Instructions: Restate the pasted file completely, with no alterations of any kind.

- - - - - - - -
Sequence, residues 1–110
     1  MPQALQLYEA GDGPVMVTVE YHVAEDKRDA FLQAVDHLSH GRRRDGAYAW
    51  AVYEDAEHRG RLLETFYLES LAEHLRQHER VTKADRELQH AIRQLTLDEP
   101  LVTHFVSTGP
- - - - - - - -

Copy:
Sequence, residues 1–110
     1  MPQALQLYEA GDGPVMVTVE YHVAEDKRDA FLQAVDHLSH GRRRDGAYAW
    51  AVYEDAEHRG RLLETFYLES LAEHLRQHER VTKADRELQH AIRQLTLDEP
   101  LVTHFVSTGP